Walton County beach customary use case reported resolved except for one property

CUSTOMARY RECREATIONAL use of the beach in Walton County remains a hot topic in Walton County as county legal counsel continues to work to resolve matters with beachfront property owners related to Walton County’s ongoing customary use court complaint. (Photo by Dotty Nist)


It has been reported that Walton County’s customary use of the beach lawsuit has been resolved or is in the process of being resolved for all parcels except one. However, as of June 30 the county’s recent efforts to avoid the case going to trial had not succeeded.

In the original case filed in December 2018, Walton County had sought to affirm a right by the public to customary recreational use of the beach on all privately-owned parcels along the 26-mile coastline. Listed in the customary use court complaint had been 1,194 parcels.

Hundreds of parties, mainly beachfront property owners, had intervened in the lawsuit in opposition to the county court complaint.

Since the Walton County Board of County Commissioners’ (BCC) voting in February 2023 to pursue a settlement of the lawsuit, county legal counsel has been engaged in working with property owners to resolve the matter without the case having to go to trial. It had been anticipated that the trial would cost the county approximately $8 million or more.

In May 2023, the BCC had approved a final settlement agreement that would apply to lawsuit intervenors opting to participate in the agreement—and had authorized the BCC chairman to sign that agreement.

At a June 30, 2023, court hearing on the lawsuit in Walton County Circuit Court, Clay Adkinson, acting county attorney, reported that issues with the lawsuit had been resolved or were in the process of being resolved with all intervenors with the exception of one parcel. The manner of resolution was either through dismissals or parties entering into the settlement agreement.

Kent Safriet, an attorney representing a group of intervenors, spoke about the Alford parcel, one of the beachfront properties whose owners he is representing in the lawsuit.

Safriet discussed that the property owners, the Alfords, are opting to proceed in the customary use litigation and had also filed a counterclaim against the county in the lawsuit.

The Alford property is located in Miramar Beach, an area in which in April the county had dismissed several hundred parcels from the lawsuit. The Alford property was not among those, but Walton County had opted to drop from the case what was identified as Zone 1 in the lawsuit, the Miramar Beach area.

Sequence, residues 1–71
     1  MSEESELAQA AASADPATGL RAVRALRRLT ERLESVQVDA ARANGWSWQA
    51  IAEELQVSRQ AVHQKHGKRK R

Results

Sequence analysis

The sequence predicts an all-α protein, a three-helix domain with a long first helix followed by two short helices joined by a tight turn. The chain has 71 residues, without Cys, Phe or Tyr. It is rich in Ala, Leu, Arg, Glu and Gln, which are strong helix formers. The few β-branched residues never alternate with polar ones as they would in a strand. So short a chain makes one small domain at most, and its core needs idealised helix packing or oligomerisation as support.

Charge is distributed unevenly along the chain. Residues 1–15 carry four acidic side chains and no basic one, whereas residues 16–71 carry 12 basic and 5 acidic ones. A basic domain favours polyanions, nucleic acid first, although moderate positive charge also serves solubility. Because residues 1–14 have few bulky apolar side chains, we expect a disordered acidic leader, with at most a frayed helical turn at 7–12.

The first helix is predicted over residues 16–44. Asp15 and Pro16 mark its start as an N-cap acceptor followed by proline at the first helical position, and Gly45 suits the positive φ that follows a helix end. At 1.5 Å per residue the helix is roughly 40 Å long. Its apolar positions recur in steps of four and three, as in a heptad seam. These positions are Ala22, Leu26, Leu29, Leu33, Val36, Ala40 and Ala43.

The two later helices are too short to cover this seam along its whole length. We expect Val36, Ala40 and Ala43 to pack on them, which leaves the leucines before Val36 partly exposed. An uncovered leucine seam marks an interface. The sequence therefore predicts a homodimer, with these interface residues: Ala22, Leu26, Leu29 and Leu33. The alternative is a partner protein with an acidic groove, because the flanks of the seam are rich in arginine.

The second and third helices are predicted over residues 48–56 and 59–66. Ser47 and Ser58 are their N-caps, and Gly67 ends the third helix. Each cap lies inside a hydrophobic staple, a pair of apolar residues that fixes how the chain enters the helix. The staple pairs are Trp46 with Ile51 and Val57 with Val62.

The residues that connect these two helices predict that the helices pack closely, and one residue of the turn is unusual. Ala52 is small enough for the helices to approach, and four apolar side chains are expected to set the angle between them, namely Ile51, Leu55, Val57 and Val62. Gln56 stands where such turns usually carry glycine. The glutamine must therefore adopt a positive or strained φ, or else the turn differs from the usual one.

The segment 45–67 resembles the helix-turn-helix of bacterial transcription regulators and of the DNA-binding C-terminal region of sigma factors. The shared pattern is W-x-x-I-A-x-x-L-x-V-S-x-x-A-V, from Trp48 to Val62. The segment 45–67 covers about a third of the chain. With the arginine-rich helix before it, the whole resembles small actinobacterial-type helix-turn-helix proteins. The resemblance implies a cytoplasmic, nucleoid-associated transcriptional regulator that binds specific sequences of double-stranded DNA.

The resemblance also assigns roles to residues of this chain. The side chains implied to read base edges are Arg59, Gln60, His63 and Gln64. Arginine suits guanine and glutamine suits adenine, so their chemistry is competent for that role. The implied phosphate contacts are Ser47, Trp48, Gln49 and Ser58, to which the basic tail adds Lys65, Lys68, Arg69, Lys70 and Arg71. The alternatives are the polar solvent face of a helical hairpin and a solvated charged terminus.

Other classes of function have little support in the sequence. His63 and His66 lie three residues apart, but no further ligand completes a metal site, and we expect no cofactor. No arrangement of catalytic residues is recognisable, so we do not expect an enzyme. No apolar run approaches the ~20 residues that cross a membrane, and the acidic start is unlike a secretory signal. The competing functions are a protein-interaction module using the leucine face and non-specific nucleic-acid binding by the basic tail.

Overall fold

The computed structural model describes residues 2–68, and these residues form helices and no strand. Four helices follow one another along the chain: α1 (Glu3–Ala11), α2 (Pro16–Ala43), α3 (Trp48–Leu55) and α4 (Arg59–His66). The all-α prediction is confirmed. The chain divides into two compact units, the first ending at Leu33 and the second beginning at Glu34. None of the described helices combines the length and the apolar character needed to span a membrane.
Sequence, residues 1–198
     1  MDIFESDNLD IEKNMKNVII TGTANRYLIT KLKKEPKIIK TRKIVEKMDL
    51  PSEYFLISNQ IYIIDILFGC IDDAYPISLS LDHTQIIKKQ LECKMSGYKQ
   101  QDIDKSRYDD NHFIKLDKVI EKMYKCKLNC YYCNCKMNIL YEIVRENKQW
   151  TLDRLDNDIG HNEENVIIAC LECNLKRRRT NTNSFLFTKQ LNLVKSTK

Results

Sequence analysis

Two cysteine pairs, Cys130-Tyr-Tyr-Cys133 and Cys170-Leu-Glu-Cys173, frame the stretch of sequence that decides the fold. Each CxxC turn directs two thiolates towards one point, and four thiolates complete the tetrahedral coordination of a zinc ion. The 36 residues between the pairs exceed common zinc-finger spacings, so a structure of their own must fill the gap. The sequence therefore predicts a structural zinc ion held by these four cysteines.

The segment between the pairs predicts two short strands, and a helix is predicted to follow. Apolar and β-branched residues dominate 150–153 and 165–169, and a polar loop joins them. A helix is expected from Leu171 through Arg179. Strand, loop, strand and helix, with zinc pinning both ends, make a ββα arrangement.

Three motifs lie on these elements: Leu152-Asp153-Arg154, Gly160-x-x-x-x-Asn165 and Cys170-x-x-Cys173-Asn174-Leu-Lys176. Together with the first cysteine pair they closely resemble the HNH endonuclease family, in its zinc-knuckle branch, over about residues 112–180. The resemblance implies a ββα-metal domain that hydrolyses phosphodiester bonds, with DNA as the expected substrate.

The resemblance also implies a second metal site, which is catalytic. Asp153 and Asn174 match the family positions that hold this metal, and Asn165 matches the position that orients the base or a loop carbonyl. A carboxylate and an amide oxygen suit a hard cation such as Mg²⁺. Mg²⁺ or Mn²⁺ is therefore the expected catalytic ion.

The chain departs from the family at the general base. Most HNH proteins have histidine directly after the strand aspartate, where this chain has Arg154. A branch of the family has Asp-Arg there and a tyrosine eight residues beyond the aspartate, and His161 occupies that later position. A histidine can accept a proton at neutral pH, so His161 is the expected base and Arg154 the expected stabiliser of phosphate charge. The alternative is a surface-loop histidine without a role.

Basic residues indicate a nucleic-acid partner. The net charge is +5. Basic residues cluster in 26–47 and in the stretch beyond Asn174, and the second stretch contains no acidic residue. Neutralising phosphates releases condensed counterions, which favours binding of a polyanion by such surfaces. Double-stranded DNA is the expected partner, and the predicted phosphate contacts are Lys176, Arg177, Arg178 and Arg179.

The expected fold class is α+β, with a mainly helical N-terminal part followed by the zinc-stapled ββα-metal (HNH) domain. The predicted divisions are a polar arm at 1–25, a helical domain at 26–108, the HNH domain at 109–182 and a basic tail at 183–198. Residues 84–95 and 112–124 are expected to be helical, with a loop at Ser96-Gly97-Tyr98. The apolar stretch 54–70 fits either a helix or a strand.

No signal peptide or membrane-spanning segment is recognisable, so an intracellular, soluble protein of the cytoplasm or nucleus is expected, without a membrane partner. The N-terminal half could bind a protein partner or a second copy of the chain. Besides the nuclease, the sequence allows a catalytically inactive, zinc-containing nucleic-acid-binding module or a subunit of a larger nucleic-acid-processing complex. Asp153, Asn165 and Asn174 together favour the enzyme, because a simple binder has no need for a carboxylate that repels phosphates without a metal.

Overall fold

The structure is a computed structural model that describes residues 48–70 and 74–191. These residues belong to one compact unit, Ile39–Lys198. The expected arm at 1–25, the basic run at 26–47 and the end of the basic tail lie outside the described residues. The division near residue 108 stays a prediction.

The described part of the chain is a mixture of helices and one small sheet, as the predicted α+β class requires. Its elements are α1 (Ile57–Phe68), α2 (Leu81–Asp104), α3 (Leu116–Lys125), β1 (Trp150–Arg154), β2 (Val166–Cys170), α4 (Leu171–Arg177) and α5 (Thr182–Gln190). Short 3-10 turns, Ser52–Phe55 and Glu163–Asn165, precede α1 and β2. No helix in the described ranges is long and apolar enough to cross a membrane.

Property owners Lionel and Tammy Alford had filed their counterclaim in April 2021. The counterclaim, together with challenging/denying that Walton County is entitled to a declaration of customary use on their property, also charges that Walton County’s customary use ordinance, which was in effect from April 1, 2017 until July 1, 2018, represented an unconstitutional temporary “taking” of the counterclaimants’ property without compensation. Payment for damages, attorney fees, and other costs are sought by the property owners in connection with this filing.

In addition, with the counterclaim the Alfords are seeking a declaratory judgment that the Florida Supreme Court’s 1974 adoption of the doctrine of customary use was unconstitutional and that the doctrine is unconstitutionally vague and violates due process rights.

Discussion at the June 30 court hearing resulted in a decision by Walton County Circuit Court Judge David Green, presiding judge in the case, to schedule the takings portion of the Alfords’ counterclaim to be brought before the court on July 10.

At the request of members of Walton County’s legal counsel, Judge Green agreed to allow 90 days for counsel to prepare to proceed with the remainder of the trial and response to other allegations in the Alfords’ counterclaim related to customary use.

Glenn Burhans, a member of Walton County’s legal counsel, indicated that previously an eight-week trial had been anticipated—but that under the current circumstances he now expected a trial approximately five weeks in length.

Also at the June 30 hearing, Judge Green was presented with a document, a Partial Final Judgment agreed to by Walton County and intervenors in the lawsuit. The judgment included the settlement agreement approved by the county and the signatures of intervenors/owners of 35 properties.

Judge Green signed the document, and it was also recorded with the Walton County Clerk of Courts on June 30.

A number of joint dismissals had been filed with the court, as well, on June 29, applying to groups of intervenors r

epresented by seven different law firms.

The BCC has scheduled a special meeting and closed executive session in connection with the customary use case for 9 a.m. on July 5 at the South Walton Annex.